There are plenty of opportunities to see large fireworks displays this Fourth of July weekend but only one place to see a 31-cannon salute to our country’s independence.

With firework shows Saturday, Sunday and Monday, Kern County residents can easily make the most of their holiday weekend. The cities of Taft, Shafter and Bakersfield will each host their own evening celebrations, while Tehachapi’s festivities go all day. 

About 38 miles south of Bakersfield, though, something a little different will be going on at Fort Tejon State Historic Park. The Old Time Fourth of July 1856 Celebration will take guests back in time to a year when the first Independence Day wasn’t so far in the past — well, 80 years earlier versus 240 years. 

“The 4th of July celebration at Fort Tejon is unique in itself,” said Karina Mooradian, president and chairwoman of the the park’s board of directors, in an email. “You are on historic grounds surrounded by nature as it was 160 years ago.”

In lieu of the modernly aerial fireworks show, the park’s celebration will fire a 31-cannon salute for the 31 states that were in the union in 1856, a time when Fort Tejon was an active post for 100 to 350 soldiers between 1854 and 1864, Mooradian said. A state and the date of its statehood is announced with each cannon.

Period-appropriate activities will include a pie-eating contest, tug of war, sack races and egg toss. The celebration, which goes from 10 a.m. to 3 p.m., is also a chance to learn about the park from docents and volunteers portraying real civilians and soldiers of the 1st Regiment of the United States Dragoons, Mooradian said.

She said Fort Tejon is a military, social and political center, where during the peak of activity there were more than 35 buildings and 960 civilians living in the town. Though the post was small, its soldiers traveled as far east at the Colorado River, Owens Valley, Los Angeles and even Salt Lake City on occasion, she said.

"The troopers controlled and protected Indians at the nearby Sebastian Indian Reservation, guarded miners, chased bandits and generally offered protection to the region and enforced United States law and authority in the southern part of the state,” she wrote.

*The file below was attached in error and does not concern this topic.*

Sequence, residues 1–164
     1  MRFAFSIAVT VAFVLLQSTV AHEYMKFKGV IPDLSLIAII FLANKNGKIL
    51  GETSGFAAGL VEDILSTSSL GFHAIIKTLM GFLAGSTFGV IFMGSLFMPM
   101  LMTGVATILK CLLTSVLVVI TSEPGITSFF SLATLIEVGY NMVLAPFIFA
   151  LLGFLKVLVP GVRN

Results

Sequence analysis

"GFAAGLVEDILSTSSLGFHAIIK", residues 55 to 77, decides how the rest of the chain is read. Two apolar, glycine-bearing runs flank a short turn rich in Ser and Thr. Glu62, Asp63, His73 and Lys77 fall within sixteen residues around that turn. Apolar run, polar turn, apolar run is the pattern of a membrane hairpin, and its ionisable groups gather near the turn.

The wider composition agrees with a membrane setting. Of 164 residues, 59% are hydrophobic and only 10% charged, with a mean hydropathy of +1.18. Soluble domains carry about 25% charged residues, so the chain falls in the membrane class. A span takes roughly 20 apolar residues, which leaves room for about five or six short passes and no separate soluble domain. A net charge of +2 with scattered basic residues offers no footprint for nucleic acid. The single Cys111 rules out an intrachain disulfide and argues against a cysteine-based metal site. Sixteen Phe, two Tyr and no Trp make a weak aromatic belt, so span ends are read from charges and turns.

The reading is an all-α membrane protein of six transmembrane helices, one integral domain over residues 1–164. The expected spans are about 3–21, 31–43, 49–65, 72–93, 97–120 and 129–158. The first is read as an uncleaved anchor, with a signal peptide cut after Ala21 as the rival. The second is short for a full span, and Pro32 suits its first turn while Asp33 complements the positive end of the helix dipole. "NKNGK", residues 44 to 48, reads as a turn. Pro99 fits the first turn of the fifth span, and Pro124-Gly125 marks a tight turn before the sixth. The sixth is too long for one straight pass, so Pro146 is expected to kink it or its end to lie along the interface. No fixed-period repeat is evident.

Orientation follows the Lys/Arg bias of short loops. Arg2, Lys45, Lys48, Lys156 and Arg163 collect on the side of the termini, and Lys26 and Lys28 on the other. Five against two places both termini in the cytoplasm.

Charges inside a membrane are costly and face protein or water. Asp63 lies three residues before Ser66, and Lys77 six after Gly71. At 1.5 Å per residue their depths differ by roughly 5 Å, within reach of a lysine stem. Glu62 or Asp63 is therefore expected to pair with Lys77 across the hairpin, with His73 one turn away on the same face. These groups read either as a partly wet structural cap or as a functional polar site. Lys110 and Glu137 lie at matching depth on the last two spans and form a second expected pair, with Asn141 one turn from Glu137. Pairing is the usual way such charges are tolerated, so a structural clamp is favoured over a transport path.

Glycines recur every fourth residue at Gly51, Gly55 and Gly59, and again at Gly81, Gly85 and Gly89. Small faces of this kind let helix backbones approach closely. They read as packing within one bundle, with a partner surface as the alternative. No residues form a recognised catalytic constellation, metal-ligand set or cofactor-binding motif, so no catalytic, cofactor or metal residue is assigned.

To honor this history, the park regularly holds Living History demonstrations and events like last month’s Victorian Tea Party. For at least the last 30 years, it has held the Old Time celebration, Mooradian said, which gets about 200 to 250 visitors.

Mooradian encouraged Bakersfield residents to make the trip to the park for the event and suggested anyone attending bring a lunch and wear sunscreen. Cannons tend to be loud, so earplugs might be a good idea for those with sensitive ears.

The history at the park was almost interrupted in 2012 when it was slated to be closed due to budget cuts. It was saved when it was discovered that the California Department of State Parks had been sitting on hidden assets of about $54 million, Mooradian said, citing an article from The Sacramento Bee.

“Where do we stand now? The park is open and very much active,” she said. “Will it ever get on a closure list again? It’s a state park and we’re at ‘their’ (the state’s) mercy.”

Mooradian said the public must defend state parks should they be put on the chopping block again. 

“Fort Tejon is one of Kern County’s hidden gems,” she said. “It is up to each and every one of us to preserve it and its history. We do it through supporting and attending its events, by volunteering and advocating it verbally, in writing and with the current social media.”

To follow the park’s events and activities, find its Facebook page by searching “Fort Tejon Historical Association.”

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